Centralizing COVID-related Insurance Coverage Lawsuits, October 13, 2020
The Judicial Panel on Multi-District Litigation (“JPML”) decided last week to centralize more than 30 lawsuits seeking business interruption coverage from Society Insurance Company in the Northern District of Illinois.
In July, the JPML had considered requests to centralize all federal litigation nationwide involving business interruption coverage claims arising out of the coronavirus pandemic. The JPML denied the requests in August, reasoning that there were too many differences among the various insurers. The Panel nonetheless stated that it would consider the creation of insurer-specific Multi-District Litigations (“MDLs”) and sought briefing with respect to five insurers: Lloyd’s, London; Cincinnati Insurance Company; Hartford Insurance Company, Society Insurance Company, and Travelers Insurance Company.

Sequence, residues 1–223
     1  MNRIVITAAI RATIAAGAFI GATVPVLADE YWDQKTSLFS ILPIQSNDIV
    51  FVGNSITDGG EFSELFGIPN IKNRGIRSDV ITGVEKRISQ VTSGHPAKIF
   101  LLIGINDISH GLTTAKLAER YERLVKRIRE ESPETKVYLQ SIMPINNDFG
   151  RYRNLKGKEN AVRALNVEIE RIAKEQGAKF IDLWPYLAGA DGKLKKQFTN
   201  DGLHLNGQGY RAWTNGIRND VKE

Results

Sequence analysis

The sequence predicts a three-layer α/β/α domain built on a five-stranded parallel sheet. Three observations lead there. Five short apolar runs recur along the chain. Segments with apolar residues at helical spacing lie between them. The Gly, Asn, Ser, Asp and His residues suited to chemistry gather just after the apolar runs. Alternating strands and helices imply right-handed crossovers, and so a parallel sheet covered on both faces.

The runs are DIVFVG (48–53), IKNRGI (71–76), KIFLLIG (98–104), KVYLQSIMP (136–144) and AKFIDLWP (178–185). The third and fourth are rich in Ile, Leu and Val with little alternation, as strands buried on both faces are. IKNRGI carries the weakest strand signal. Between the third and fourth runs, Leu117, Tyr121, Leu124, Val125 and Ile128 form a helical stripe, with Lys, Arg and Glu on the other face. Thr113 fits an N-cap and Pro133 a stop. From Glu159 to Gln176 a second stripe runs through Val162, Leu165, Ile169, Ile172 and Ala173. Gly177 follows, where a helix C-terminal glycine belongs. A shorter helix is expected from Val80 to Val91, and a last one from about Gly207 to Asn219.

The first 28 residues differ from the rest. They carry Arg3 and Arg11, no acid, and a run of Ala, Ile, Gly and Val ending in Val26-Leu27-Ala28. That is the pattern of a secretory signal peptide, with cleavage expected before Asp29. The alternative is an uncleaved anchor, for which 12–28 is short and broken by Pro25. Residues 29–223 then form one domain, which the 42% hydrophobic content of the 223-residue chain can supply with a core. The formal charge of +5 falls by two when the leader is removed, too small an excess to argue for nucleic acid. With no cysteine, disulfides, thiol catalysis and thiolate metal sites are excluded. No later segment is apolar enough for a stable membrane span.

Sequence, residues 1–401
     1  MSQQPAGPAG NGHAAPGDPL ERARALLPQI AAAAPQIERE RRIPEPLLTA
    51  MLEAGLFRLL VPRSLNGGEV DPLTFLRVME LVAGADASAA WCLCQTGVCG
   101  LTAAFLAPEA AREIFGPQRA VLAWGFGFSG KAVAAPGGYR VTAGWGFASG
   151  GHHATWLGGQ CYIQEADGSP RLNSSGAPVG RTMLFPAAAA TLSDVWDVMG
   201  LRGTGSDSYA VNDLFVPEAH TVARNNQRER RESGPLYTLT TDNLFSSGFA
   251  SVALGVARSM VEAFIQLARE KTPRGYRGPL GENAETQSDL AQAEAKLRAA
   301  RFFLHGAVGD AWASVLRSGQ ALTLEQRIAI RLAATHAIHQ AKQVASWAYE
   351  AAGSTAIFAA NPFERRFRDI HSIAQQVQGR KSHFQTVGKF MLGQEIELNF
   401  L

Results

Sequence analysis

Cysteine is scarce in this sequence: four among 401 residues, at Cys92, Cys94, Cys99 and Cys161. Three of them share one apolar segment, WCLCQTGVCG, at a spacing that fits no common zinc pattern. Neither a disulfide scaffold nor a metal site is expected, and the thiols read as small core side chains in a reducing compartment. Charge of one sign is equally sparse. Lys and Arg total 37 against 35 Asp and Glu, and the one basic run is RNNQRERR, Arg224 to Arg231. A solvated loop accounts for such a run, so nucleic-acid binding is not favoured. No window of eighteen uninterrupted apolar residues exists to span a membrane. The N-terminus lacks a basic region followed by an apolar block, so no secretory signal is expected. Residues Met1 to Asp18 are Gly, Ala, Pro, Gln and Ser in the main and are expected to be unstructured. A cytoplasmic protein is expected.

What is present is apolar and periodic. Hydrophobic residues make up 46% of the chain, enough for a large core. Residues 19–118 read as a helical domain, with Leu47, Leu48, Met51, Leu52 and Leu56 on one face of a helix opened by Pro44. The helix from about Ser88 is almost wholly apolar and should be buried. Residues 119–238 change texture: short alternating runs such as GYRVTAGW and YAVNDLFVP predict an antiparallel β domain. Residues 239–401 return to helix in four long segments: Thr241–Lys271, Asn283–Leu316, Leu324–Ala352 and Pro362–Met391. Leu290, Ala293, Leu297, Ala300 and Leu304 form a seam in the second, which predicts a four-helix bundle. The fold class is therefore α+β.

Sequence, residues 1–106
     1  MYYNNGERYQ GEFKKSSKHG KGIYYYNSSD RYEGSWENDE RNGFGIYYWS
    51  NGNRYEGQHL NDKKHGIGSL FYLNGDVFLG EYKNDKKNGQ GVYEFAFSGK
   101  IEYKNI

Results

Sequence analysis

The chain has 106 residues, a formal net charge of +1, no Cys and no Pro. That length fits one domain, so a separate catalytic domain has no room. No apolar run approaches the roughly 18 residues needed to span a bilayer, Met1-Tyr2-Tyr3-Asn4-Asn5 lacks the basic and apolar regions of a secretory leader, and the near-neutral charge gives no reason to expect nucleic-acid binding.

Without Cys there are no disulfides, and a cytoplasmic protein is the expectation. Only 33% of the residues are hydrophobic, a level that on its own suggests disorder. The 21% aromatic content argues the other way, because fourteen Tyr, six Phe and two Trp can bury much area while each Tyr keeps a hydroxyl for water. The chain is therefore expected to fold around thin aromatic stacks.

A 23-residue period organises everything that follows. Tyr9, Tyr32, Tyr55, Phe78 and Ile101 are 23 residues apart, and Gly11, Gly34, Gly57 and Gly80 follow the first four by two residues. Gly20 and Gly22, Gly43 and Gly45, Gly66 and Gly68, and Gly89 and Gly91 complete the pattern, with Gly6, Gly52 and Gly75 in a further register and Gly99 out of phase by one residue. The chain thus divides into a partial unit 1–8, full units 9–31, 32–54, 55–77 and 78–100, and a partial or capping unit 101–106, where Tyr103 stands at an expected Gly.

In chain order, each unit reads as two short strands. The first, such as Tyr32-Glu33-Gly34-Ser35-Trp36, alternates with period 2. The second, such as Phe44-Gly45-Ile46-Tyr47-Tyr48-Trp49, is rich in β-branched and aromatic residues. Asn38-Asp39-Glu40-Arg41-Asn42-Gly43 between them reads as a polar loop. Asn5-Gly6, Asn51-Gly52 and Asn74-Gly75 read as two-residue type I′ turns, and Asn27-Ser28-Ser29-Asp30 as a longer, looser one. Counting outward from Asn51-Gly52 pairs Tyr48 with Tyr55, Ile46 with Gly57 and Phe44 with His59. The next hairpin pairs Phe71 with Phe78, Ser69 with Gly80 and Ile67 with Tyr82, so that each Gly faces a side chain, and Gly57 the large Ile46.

In a series of opinions, the JPML decided last week to centralize only the business interruption lawsuits against Society Insurance Company. The Panel reasoned that the limited geographical scope of the cases against Society, a regional insurance carrier in the Midwest, meant that centralization of the cases would lead to a quick resolution. Only six states’ insurance laws were implicated by the lawsuits against Society, and an MDL judge would be able to organize the cases quickly and efficiently. In contrast, the JPML stated that it would take too long for an MDL judge to organize and resolve the central policy questions in the lawsuits against the other insurance carriers.
The JPML also separately decided to centralize other insurance-related disputes arising out of insurance claims under policies purchased alongside seasonal or multi-day ski passes. The passes covered skiing at resorts that were closed in response to the COVID-19 pandemic. The Panel decided to create two insurer-specific MDLs: one with cases brought against Arch Insurance Company in the Western District of Missouri, and the other with cases against United Specialty Insurance Company in the Northern District of California.
Litigation Update: Business Interruption Coverage, May 20, 2020